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Astron. Astrophys. 324, 344-356 (1997)

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Appendix A

Since the formulation and notations used in the present paper are somewhat different from those in Stenflo (1994), it may be difficult for the reader to find from that monograph the expressions for the coefficients [FORMULA] in Eq. (9) and the exponent r in Eq. (11) for the coefficients [FORMULA]. As these quantities are key components of the general theory of polarized Raman scattering with quantum interferences, we give the explicit expressions here.

Let the labels m and n in [FORMULA] be represented numerically by the differences [FORMULA] and [FORMULA] between the J quantum numbers of the excited and initial states, while the labels a and f are represented by the J quantum numbers of states a and f. For economy of notation we keep the name c for the function and define

[EQUATION]

Then

[EQUATION]

[EQUATION]

[EQUATION]

[EQUATION]

[EQUATION]

[EQUATION]

[EQUATION]

[EQUATION]

[EQUATION]

[EQUATION]

[EQUATION]

[EQUATION]

[EQUATION]

[EQUATION]

[EQUATION]

[EQUATION]

For symmetry reasons

[EQUATION]

Due to this symmetry the same off-diagonal expressions occur twice when summing over both m and n in Eq. (9). Since in the somewhat different formulation in Stenflo (1994) the double sum has been transformed to single sums, the expressions for the differently defined off-diagonal coefficients there differ by a factor of two from those here. Both definitions however lead to the identical results for [FORMULA].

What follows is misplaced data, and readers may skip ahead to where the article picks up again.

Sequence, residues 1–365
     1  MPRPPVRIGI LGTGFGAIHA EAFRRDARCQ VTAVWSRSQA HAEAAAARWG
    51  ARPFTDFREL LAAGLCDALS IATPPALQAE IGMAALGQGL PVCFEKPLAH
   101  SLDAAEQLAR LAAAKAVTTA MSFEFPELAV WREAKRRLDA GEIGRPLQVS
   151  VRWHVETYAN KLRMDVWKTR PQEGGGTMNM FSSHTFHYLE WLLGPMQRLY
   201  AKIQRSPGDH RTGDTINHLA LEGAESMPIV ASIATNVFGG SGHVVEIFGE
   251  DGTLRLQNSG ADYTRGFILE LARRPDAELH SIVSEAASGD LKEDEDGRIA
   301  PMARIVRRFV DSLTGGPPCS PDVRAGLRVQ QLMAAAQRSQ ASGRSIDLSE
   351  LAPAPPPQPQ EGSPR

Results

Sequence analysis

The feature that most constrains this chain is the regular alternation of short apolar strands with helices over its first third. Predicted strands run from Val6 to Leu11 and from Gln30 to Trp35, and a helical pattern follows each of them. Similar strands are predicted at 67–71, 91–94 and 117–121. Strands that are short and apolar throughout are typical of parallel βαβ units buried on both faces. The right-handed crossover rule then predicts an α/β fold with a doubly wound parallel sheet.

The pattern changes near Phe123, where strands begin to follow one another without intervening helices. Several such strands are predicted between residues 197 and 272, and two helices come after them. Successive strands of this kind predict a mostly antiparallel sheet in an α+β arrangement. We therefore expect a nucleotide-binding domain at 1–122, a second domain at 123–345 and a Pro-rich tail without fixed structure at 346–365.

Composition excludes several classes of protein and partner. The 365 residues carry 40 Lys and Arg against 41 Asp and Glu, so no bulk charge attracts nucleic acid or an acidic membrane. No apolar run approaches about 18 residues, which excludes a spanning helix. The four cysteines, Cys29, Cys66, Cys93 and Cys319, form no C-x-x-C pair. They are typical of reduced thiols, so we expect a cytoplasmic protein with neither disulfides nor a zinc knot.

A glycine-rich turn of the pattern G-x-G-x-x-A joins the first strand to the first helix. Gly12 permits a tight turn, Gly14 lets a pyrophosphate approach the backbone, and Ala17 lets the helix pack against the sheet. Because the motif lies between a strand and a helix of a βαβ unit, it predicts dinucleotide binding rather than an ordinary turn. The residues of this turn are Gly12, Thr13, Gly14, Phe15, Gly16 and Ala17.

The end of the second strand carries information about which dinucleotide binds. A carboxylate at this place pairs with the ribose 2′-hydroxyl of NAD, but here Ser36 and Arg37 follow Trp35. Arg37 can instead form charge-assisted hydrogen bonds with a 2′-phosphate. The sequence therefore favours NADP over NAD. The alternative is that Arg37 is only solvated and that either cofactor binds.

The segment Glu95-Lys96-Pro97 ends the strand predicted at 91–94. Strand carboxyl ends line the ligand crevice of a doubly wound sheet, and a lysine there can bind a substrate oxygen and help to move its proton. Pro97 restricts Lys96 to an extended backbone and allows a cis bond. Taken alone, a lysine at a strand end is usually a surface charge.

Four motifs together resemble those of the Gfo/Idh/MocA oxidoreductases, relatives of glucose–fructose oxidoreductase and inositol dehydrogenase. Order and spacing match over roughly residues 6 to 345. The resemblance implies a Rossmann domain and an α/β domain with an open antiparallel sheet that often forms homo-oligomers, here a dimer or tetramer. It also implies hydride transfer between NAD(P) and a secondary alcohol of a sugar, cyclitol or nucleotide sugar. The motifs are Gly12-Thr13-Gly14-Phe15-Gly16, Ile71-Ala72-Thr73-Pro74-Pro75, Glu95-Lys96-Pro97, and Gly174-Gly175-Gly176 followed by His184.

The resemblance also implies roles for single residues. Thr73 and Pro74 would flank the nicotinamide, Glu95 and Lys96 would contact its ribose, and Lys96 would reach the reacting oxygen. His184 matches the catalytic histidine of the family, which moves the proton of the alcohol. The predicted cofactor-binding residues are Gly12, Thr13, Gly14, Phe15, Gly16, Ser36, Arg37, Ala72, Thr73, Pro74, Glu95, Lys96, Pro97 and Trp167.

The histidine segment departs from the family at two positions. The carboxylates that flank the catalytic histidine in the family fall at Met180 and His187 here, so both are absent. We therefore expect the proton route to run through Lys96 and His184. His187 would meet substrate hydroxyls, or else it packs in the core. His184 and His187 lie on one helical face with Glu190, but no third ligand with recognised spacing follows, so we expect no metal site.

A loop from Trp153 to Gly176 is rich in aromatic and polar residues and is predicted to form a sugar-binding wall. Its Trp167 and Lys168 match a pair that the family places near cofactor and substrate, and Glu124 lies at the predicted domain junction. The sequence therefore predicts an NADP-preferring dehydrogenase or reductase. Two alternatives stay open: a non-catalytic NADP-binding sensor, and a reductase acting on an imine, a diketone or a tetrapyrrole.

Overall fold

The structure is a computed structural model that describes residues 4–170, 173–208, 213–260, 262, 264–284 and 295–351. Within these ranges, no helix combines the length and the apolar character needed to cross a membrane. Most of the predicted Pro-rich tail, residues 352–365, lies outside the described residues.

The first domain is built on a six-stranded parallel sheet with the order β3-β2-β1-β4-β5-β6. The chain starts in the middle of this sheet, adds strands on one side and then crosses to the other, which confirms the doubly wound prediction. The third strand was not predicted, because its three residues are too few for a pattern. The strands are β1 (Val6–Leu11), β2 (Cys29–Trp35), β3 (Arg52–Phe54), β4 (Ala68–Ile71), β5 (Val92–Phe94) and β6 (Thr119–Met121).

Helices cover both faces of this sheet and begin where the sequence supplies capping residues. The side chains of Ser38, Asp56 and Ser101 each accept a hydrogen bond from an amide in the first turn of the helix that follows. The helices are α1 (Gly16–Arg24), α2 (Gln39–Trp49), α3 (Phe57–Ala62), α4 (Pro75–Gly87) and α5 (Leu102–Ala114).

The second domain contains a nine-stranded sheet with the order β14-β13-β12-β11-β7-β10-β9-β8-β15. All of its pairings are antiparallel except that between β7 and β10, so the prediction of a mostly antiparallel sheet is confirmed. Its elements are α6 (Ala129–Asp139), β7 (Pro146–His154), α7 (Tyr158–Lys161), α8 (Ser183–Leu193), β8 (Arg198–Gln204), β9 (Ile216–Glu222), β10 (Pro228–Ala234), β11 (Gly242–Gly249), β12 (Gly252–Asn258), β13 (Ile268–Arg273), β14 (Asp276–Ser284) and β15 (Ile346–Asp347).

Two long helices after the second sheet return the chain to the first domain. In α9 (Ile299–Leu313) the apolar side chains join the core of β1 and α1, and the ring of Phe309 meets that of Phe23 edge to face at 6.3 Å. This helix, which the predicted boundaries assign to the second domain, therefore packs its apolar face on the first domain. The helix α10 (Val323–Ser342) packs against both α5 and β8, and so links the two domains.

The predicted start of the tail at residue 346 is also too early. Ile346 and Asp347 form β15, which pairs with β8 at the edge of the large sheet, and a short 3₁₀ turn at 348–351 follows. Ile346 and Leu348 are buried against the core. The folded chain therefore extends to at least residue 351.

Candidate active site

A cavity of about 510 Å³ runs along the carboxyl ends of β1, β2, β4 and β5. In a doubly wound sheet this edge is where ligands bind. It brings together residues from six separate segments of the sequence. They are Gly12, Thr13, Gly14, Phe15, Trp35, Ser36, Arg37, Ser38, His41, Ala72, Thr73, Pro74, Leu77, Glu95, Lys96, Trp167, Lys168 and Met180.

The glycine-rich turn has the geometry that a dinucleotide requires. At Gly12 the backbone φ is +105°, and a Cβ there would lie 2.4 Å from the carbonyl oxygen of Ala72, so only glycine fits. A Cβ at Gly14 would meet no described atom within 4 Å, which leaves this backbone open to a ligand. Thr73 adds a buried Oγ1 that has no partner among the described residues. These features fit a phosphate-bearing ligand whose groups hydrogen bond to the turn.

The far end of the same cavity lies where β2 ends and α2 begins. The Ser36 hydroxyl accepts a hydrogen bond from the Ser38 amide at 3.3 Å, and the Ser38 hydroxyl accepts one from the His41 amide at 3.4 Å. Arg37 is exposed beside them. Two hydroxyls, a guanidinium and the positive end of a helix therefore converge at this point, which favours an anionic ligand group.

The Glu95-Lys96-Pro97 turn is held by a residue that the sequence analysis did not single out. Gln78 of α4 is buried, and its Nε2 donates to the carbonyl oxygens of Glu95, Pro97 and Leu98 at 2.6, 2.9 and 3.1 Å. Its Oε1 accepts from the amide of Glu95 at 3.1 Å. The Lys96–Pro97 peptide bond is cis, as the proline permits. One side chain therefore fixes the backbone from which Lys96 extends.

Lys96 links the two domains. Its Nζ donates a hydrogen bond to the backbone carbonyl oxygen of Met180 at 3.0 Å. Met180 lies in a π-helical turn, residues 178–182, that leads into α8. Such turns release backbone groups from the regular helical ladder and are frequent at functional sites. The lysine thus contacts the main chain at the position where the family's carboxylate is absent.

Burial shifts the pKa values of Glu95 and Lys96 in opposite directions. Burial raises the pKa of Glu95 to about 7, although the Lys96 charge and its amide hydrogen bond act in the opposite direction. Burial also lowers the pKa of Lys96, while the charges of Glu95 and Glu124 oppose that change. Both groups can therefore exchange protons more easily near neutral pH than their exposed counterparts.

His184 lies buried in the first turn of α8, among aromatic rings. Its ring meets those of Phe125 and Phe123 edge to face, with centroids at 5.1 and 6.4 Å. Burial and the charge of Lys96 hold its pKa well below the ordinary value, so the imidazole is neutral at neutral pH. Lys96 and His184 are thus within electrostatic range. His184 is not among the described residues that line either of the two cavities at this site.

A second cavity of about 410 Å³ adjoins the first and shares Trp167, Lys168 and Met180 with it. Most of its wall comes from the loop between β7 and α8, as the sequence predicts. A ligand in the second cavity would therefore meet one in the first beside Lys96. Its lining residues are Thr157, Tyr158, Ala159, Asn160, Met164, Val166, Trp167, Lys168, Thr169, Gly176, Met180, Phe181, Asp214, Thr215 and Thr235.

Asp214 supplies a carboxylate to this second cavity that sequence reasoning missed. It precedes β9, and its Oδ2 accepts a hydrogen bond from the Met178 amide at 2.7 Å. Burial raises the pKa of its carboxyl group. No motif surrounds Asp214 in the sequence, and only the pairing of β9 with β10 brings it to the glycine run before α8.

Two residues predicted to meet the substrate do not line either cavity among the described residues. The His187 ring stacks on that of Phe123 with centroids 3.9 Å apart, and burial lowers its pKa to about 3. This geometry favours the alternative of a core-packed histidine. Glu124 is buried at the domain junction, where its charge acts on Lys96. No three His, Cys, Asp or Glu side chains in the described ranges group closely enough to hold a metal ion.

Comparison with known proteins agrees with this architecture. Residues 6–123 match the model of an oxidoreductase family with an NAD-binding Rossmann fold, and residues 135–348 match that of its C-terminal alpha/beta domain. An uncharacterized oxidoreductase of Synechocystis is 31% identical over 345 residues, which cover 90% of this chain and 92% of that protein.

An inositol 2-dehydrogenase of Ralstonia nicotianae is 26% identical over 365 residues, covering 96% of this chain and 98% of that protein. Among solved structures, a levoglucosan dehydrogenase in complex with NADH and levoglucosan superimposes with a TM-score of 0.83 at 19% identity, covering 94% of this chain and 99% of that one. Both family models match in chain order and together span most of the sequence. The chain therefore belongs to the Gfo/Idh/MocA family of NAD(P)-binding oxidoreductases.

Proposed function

Another symmetry is that

[EQUATION]

(symmetry with respect to reversal of the scattering direction). The symmetries (A18) and (A19) for [FORMULA] are also valid for [FORMULA] of Eq. (11).

The above algebraic expressions for [FORMULA], together with the two symmetry relations, cover all the cases that can occur for electric dipole transitions. When a transition is not allowed, its oscillator strength is zero, which means that its [FORMULA] factor will not contribute to the sum in Eq. (9).

The exponent r that determines the sign of the expression (11) for [FORMULA] can be written as a sum of the contributions from the various transitions that are part of [FORMULA]. Thus

[EQUATION]

[FORMULA] depends exclusively on the difference [FORMULA] and [FORMULA] between the angular momentum quantum numbers L and J of the upper level u and lower level [FORMULA]. We may thus write

[EQUATION]

According to Stenflo (1994) the explicit expressions for all the various cases that can occur for electric dipole transitions are

[EQUATION]

[EQUATION]

[EQUATION]

[EQUATION]

[EQUATION]

[EQUATION]

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© European Southern Observatory (ESO) 1997

Online publication: May 26, 1998

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